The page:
Batei Machsei

    I am not a painter, nor an artist. Therefore I can see straight, and that may be my undoing. - Alfred Stieglitz

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    Re: 6X12 in Jerusalem

    3 more from today.

    __

    Not sure about the middle one, very happy with the last one but it's a single shot cropped to 6X12 so only 6.6 megapixels worth. That said for some reason the file looks exactly like a scan from 35mm film (high iso and gritty blacks) so I'm not scared to enlarge it. With some shots the moment will carry the image far further than you would expect from the quality.
    I am not a painter, nor an artist. Therefore I can see straight, and that may be my undoing. - Alfred Stieglitz

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    Re: 6X12 in Jerusalem

    Rather pleased with this one from today.


    A young girl returning from school with her bag on her back, running through the narrow alleyways of the old and cobbled streets of Jerusalem.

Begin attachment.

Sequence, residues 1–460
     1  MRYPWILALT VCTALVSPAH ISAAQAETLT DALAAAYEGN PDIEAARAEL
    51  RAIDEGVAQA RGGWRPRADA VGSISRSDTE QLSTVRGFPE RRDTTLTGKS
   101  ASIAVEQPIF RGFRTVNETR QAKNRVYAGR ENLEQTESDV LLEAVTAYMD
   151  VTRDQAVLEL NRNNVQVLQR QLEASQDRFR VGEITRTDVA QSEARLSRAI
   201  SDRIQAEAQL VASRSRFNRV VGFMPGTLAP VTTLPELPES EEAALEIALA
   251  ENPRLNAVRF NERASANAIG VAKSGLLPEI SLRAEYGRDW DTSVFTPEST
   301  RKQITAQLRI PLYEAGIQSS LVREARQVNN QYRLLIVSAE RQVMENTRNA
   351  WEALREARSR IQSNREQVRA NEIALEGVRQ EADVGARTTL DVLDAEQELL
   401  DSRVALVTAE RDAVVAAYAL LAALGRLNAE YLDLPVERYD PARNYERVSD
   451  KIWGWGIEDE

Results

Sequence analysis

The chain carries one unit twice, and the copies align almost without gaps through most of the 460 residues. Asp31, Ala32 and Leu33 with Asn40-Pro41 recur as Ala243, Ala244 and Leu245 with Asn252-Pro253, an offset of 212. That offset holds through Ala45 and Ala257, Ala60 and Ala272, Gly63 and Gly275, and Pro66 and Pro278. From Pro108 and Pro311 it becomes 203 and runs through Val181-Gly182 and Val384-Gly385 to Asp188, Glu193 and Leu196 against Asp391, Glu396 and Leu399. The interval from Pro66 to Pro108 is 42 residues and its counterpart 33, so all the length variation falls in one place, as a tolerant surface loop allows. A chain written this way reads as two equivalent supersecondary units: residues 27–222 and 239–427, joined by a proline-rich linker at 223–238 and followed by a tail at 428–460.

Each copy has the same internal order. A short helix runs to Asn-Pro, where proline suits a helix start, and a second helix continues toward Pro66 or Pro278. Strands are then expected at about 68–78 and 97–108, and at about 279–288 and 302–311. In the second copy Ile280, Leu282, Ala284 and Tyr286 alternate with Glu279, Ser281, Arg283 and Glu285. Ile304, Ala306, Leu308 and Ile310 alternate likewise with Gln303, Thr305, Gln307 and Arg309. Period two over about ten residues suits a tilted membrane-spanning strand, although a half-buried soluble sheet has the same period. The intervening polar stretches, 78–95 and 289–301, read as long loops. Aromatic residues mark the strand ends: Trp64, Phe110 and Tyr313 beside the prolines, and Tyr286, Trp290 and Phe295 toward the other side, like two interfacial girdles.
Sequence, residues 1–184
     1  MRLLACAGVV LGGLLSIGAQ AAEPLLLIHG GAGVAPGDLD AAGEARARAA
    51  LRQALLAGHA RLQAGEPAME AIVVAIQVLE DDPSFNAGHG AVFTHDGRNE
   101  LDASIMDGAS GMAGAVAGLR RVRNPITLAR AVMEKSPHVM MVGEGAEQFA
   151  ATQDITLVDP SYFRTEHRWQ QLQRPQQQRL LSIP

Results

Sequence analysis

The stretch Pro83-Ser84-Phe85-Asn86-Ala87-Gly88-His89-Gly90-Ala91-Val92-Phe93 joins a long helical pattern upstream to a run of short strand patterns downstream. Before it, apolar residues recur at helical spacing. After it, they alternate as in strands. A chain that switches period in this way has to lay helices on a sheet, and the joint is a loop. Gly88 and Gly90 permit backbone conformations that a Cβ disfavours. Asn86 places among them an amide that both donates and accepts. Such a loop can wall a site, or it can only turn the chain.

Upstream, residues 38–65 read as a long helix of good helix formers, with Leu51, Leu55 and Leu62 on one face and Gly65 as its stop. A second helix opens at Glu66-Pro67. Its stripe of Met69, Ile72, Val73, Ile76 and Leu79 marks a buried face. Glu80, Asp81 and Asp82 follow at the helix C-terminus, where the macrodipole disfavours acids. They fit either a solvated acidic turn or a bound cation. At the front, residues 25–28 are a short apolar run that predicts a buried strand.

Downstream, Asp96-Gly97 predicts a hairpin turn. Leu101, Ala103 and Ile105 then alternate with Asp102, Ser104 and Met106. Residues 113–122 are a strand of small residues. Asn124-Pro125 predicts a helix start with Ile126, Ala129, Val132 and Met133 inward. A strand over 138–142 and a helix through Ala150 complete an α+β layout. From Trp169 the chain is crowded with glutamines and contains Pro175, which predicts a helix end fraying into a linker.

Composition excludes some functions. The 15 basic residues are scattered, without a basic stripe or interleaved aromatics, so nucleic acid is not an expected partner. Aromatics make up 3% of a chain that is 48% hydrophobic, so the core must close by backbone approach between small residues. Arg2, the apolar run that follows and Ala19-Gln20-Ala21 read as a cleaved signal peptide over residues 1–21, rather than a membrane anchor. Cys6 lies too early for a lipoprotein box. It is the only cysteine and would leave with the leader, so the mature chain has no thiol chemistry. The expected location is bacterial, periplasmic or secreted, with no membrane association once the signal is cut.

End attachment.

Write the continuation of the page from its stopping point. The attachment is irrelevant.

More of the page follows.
I am not a painter, nor an artist. Therefore I can see straight, and that may be my undoing. - Alfred Stieglitz

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    Re: 6X12 in Jerusalem

    Ben:

    It looks like a distinctive style is emerging in your 6x12 work -- and that is definitely a good thing! Very nice series
    Jack
    home: www.getdpi.com

    "Perfection is not attainable. But if we chase perfection, we can catch excellence."

  39. #39
    nei1
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    Re: 6X12 in Jerusalem

    Ben,I always look forward to your next photo in this series.Youve picked yourself a difficult space to fill,eventhough Ive always liked the 2x1 ratio as a horizontal space,the challenge to fill it vertically as youve done ,I think,would be beyond me.......all the best,Neil.